Baudouin reigned for 42 years. He died of heart failure on 31 July 1993 in the Villa Astrida in Motril, in the south of Spain.[16] Although in March 1992 the King had been operated on for a mitral valve prolapse in Paris, his death still came unexpectedly, and sent much of Belgium into a period of deep mourning. His death notably stopped the 1993 24 Hours of Spa sportscar race, which had reached the 15-hour mark when the news broke.

Within hours the Royal Palace gates and enclosure were covered with flowers that people brought spontaneously. A viewing of the body was held at the Royal Palace in central Brussels; 500,000 people (5% of the population) came to pay their respects. Many waited in line up to 14 hours in sweltering heat to see their King one last time. Along with other members of European royalty, Queen Elizabeth II of the United Kingdom attended the funeral (the only foreign state funeral ever attended by her in person as monarch).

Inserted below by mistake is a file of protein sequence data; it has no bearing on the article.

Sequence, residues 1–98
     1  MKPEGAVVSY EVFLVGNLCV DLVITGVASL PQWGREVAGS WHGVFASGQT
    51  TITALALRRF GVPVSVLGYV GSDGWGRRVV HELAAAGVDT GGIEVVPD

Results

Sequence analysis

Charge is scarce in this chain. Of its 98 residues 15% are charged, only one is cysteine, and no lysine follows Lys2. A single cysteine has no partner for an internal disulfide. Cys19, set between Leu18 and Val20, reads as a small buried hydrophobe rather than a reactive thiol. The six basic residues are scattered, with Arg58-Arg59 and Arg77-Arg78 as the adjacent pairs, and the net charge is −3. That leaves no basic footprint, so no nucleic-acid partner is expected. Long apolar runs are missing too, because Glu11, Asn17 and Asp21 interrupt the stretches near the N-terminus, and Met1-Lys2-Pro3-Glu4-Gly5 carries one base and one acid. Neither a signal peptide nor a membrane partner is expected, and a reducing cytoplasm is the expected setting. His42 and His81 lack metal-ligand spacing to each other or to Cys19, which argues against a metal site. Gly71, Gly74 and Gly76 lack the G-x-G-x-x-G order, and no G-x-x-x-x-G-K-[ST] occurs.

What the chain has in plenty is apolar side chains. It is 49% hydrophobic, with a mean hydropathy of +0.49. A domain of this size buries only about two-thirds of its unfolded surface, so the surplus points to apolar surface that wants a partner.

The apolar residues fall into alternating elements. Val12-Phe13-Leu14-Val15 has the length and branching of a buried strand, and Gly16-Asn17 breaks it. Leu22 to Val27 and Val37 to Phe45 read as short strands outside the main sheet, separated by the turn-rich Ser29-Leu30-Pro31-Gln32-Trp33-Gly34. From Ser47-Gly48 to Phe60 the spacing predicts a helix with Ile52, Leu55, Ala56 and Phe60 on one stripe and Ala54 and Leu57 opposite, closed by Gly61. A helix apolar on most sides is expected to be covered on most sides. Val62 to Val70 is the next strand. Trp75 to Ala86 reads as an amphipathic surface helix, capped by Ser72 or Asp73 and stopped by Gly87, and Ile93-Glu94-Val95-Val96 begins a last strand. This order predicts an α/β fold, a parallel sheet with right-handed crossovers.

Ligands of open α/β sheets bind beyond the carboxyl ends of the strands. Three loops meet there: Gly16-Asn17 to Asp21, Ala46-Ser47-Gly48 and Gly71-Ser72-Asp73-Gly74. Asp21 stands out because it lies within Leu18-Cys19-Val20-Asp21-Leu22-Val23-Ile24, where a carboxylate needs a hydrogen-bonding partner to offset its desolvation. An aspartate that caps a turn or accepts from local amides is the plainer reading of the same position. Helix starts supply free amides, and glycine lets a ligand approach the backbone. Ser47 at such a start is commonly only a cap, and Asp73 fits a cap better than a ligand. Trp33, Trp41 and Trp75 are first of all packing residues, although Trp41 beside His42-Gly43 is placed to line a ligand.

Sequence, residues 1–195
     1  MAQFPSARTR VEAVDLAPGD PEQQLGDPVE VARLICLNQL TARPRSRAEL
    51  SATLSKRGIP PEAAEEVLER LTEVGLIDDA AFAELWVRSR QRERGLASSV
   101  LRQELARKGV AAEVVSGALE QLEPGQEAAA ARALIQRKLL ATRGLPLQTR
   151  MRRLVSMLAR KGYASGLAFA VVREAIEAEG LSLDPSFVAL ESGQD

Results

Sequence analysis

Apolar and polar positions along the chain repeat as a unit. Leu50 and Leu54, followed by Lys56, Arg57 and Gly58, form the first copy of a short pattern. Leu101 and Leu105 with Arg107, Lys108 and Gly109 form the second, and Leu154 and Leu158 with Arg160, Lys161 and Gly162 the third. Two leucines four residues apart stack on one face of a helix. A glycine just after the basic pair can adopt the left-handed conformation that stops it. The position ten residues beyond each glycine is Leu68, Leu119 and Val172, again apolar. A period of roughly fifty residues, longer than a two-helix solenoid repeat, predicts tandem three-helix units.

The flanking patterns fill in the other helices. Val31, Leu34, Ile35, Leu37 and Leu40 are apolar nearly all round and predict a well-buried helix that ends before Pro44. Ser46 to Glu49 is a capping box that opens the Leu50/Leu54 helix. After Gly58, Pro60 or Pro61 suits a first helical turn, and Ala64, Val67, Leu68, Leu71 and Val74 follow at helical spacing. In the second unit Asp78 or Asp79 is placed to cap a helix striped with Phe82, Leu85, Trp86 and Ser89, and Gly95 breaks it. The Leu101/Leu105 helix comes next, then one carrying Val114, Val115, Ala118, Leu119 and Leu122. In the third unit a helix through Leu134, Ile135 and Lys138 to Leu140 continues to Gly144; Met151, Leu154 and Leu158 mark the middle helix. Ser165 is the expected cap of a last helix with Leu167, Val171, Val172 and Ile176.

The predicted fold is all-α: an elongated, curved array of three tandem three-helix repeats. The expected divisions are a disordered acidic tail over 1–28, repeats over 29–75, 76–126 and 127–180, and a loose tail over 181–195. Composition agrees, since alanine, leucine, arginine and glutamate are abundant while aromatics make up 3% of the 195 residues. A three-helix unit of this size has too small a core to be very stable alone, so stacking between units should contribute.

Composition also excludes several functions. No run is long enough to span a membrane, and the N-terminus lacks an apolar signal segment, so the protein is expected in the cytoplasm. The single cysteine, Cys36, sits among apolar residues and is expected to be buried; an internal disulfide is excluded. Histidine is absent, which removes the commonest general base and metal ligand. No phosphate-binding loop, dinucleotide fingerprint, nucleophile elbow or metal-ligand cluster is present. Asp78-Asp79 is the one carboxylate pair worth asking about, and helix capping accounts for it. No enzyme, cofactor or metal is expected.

King Baudouin was interred in the royal vault at the Church of Our Lady of Laeken, Brussels, Belgium. He was succeeded by his younger brother, who became King Albert II.

Titles and StylesEdit

  • 7 September 1930 – 17 February 1934: His Royal Highness Prince Baudouin of Belgium, Count of Hainaut
  • 17 February 1934 – 17 July 1951: His Royal Highness The Duke of Brabant
  • 17 July 1951 – 31 July 1993: His Majesty The King of the Belgians

HonoursEdit

Monograms of King Baudouin
King Baudouin's arms as knight of the Swedish Order of the Seraphim
King Baudouin's Garter encircled arms
(United Kingdom)